but till a little after that (till you can see the subject
again in the viewfinder) – this ensures that you
don’t break your rhythm at the time of taking
the shot. Also, in order to increase your chances of
an in-focus image, track the subject for at least a
couple of seconds before clicking the shutter.
Panning is but one aspect of shooting
moving objects. In continuous AF mode, “lock and
recompose” does not work, so you have to activate
the appropriate auto-focus point and keep it on the
subject. That, of course, makes composition harder –
if you use the central AF point, you are putting your
subject dead center: a compositional boo-boo. On the
other hand, if you move your subject off-center, you
run the risk of not having an AF point at the appropriate
place in the frame. And of course, your subject has
to fit the frame as well.
So now let's break the first rule
we laid down while discussing autofocus.
If your subject is against a uniform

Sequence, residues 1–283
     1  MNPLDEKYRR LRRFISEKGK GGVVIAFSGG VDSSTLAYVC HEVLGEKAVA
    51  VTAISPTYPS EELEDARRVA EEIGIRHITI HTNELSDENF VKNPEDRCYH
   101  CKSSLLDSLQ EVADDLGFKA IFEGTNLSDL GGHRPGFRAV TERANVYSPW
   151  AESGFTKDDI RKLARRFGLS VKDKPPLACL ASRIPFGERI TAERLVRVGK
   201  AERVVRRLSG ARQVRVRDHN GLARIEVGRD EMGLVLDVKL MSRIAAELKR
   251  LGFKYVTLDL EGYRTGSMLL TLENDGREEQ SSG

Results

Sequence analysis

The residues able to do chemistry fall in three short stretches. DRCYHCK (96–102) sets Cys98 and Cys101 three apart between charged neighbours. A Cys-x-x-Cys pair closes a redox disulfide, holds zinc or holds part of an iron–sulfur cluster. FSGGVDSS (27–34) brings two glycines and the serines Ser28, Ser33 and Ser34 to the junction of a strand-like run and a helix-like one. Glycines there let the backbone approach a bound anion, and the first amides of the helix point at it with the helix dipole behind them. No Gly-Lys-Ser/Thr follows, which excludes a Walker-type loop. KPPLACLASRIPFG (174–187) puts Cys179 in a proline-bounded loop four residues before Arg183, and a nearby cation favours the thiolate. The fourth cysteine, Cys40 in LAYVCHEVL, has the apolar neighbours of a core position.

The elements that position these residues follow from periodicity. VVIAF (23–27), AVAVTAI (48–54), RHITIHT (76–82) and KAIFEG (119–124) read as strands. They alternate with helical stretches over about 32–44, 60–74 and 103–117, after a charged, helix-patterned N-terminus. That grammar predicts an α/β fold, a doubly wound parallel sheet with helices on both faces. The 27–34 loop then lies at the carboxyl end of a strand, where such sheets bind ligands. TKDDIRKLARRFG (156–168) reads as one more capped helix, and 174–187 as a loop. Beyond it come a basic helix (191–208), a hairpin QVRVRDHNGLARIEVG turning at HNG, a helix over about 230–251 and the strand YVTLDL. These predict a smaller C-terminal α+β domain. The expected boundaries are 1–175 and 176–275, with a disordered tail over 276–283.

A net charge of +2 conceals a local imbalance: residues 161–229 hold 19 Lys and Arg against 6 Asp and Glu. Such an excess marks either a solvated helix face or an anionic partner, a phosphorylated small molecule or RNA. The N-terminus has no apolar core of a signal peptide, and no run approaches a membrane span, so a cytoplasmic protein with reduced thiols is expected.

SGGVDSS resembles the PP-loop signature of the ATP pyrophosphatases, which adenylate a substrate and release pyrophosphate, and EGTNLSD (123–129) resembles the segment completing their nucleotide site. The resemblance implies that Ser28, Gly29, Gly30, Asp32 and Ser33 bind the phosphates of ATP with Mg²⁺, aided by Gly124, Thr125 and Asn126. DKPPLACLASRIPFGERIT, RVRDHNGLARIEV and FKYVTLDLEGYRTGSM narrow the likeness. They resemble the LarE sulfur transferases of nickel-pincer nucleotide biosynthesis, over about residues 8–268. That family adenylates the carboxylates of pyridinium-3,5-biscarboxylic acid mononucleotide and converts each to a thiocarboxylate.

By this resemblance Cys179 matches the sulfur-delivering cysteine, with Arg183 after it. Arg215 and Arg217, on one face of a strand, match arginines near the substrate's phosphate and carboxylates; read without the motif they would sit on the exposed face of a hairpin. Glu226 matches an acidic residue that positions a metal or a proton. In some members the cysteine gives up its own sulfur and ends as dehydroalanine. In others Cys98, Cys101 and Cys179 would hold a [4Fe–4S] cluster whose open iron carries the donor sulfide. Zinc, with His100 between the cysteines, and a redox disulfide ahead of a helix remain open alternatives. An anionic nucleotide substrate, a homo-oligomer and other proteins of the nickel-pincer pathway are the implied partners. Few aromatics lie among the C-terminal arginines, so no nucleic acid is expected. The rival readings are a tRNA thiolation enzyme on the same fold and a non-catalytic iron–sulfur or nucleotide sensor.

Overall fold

background (like a flying bird against the sky), or
is large enough to cover a significant portion of the
frame, select all the autofocus points and let the camera
pick (this is the one time it is ok). This makes it
a lot easier to keep focus on the subject and also makes
it easier for the camera to track the focus. However,
you run the risk of the camera selecting the wrong point,
true – for example, focusing on the bird’s
body instead of its head and eyes. If the subject is
some distance away, this usually isn't a problem. Also,
if you are shooting against a uniform background like
the sky, you can also stop down a little more for additional
depth of field to compensate for this.
Do note that this above technique
only works properly against a uniform background - try
it against, say, foliage, and you're in for some serious
frustration. If your sensor comes off the subject, your
camera will try to refocus (and out of sheer spite,
will choose the wrong focusing spot, causing your subject
to blur out and your lens to start hunting).
In such cases, it is often easier
to select the central focusing point and keep it on
the subject. This gives you room in the frame and prevents
accidental cropping of the subject. You can always modify
the composition by cropping the final image later. As
you get better, you can move on to selecting an off-center
point and putting it on the subject - but this only
works if you can be sure of not accidentally cropping
off part of the subject.
The secret to successfully shooting
moving objects lies in one word: practice. There are